Other experiences of Ramadan

Omneya Yousry, Tuesday 12 Apr 2022

How is Ramadan celebrated in Egypt’s hospitals and old people’s homes

Wafaa Wal-Amal Association
Home for Older Blind People run by the Wafaa Wal-Amal Association

The holy month of Ramadan is a time for spirituality and community, being not just about fasting, but also a chance for people to spend more time with their families, friends, and neighbours. But how is Ramadan celebrated by those who may be in hospital or in an old people’s home where visiting times may be regulated and there may be little space for families?

Many people take advantage of Ramadan to do good deeds, visiting orphanages, homes for the elderly, and hospitals alike. While those who oversee these places do their best to spread joy and make their guests feel as if they are at home, they cannot fully create the impression that those in their care are in fact in full health among their families and loved ones.

To spread feelings of joy in the holy month and happiness among patients, lanterns, decorations, and colourful lights are being put up in hospitals and old people’s homes across the country.

“A week preceding Ramadan, we started to hang up decorations for the holy month,” said Marwa Mahfouz, manager of the Home for Older Blind People run by the Wafaa Wal-Amal Association.

“We explained to the residents what the decorations were like, and they shared with us their choices of colours and how and where things should be hung. They can’t see the final look of the place, but we encourage them to touch the decorations and to talk about them. This means that they can enjoy them and imagine what they are like,” Mahfouz said.

Some of the women wanted to fix everything themselves. “They can feel the spirit of Ramadan even more than when they were still living at home before they entered our institution,” she added.

A day in Ramadan is different from any normal day of the year. “Due to the fact that most of our residents are elderly, their physician advises them not to fast to avoid any complications. Yet, those who do fast eagerly wait for the taraweeh prayers every day to pray together and to feel the spirituality that they have been missing. They may not have participated in mosque group prayers before as it was too difficult for them to leave their homes on their own,” Mahfouz said.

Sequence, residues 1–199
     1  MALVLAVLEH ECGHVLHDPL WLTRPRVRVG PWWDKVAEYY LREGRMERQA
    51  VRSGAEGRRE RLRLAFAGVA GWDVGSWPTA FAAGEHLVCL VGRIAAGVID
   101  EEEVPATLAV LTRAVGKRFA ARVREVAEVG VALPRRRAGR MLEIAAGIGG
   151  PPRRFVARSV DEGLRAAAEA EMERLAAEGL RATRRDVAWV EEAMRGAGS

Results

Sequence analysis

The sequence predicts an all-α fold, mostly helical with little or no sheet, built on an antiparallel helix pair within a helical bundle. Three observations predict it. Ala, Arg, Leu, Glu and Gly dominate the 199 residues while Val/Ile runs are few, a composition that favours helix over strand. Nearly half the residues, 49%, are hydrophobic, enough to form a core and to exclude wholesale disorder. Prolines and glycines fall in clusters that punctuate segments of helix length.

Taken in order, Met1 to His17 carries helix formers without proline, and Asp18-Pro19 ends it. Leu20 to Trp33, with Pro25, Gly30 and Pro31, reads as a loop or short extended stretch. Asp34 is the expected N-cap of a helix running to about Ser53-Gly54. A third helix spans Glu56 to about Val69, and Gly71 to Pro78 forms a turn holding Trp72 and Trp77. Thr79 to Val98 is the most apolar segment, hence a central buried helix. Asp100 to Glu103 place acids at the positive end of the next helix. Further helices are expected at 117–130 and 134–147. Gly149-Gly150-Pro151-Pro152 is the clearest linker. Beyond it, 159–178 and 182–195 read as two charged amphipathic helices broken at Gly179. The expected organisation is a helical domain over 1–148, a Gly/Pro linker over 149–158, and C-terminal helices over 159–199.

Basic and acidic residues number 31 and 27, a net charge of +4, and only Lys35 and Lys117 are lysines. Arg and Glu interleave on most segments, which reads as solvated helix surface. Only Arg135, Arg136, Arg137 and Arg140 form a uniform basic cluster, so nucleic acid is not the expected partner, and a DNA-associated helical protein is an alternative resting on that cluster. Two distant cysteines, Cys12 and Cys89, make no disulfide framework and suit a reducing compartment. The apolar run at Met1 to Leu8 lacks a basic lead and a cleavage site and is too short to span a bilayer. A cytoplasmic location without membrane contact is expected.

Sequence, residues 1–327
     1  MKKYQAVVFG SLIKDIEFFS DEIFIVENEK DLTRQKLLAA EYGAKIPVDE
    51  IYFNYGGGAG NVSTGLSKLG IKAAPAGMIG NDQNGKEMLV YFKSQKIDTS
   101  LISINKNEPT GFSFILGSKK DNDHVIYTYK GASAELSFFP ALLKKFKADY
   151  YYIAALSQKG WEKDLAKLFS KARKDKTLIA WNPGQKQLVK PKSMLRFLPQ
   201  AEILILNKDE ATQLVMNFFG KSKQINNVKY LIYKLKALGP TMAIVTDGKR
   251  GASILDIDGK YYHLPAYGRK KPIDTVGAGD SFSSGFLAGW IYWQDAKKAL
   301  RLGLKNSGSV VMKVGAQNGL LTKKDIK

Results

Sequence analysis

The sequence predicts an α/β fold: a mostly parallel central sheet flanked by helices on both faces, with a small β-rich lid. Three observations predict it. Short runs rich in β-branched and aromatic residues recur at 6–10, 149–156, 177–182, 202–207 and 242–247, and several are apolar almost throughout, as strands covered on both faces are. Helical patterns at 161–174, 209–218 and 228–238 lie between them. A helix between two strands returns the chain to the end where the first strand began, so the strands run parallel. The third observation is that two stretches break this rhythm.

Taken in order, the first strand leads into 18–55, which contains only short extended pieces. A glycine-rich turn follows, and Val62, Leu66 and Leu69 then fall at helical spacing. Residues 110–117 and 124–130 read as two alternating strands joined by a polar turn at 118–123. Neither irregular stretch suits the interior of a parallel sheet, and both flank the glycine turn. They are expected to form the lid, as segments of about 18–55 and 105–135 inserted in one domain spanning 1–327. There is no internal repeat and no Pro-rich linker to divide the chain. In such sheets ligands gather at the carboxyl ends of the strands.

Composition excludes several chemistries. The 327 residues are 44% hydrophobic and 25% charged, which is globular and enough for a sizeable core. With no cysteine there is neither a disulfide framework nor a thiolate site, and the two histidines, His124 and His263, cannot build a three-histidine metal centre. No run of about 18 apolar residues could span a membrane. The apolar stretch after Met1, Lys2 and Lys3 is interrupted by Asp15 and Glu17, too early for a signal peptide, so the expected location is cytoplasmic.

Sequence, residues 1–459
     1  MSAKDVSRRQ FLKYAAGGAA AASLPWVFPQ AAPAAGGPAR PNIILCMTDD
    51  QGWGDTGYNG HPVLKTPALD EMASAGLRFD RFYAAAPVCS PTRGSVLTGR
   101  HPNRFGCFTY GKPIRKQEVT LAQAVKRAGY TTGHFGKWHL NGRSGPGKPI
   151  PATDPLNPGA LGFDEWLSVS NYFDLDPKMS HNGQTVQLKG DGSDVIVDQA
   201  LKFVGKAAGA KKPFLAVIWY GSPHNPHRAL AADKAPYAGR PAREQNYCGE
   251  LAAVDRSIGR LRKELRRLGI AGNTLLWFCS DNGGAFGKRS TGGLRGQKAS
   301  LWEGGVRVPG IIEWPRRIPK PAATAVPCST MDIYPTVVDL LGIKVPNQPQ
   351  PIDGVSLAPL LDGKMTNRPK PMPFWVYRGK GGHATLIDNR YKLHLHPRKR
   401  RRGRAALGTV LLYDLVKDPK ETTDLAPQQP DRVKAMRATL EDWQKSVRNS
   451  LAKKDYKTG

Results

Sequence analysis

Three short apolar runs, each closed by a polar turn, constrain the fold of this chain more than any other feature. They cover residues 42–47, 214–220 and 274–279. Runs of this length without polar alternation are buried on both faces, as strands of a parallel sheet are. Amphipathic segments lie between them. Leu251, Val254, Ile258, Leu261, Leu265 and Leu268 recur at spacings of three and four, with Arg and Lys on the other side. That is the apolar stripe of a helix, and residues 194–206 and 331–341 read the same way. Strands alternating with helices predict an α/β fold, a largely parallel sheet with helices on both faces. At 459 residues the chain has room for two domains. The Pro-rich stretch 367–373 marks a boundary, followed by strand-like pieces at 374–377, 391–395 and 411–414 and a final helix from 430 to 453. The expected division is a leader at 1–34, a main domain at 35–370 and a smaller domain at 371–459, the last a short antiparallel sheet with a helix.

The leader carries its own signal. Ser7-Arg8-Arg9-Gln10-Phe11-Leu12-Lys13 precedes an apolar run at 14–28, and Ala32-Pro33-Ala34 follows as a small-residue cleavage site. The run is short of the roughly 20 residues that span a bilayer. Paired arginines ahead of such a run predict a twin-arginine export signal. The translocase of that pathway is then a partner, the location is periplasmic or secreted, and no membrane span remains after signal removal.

She said that there are also more visits during Ramadan. “I have received a lot of calls from groups who want to come and chant religious verses with the residents. Others want to visit and have Iftar with them. Those who have adult children also receive more visits from them during Ramadan as it’s a month for social gatherings.”

“One cheerful gesture this year was when the young women who stay in our guest house insisted on joining us for the taraweeh prayer, even changing their prayer space so that it would be easier and more comfortable for the older residents,” she added. “This kind action increased the state of love and friendliness even more.”

“The willingness to add some special spirit in Ramadan is found in both government and private hospitals. Even if it is not easily affordable in government hospitals because of budgetary constraints, groups of nurses make individual efforts to create a joyful atmosphere. They bring in lanterns, khayameya fabric, and other touches that can add Ramadan spirit to the place. These little practices have a huge impact on staff and patients,” commented Mohamed Yehia, a 34-year-old cardiologist in Cairo.

“At the moment, I work in a private hospital in Maadi, and the administration is keen to provide Ramadan decorations and provide a Ramadan environment. The decorations are mainly in the entrance, reception, and cafeteria areas,” he said.

Hours without eating in Ramadan can take their toll on concentration levels, but the doctors insist they are ready to deal with all the medical situations that may come their way.

“Unfortunately, illness does not take a vacation, so neither do we,” Yehia said. “There are many challenges during fasting, and we can be working 24/7 with little time for sleep or rest. But we are all used to working on this basis. Ramadan’s working hours are no different from the rest of the year,” he said.

There are also more visitors during Ramadan. “The hospital security people exert more efforts to coordinate visits and visitor gatherings in the waiting areas. Time slots are changed so they don’t conflict with Iftar.”

“It can be hard to cope with Ramadan’s social demands and our work as doctors, and we understand that our occupation comes at some cost,” Yehia concluded.

* A version of this article appears in print in the 14 April, 2022 edition of Al-Ahram Weekly.

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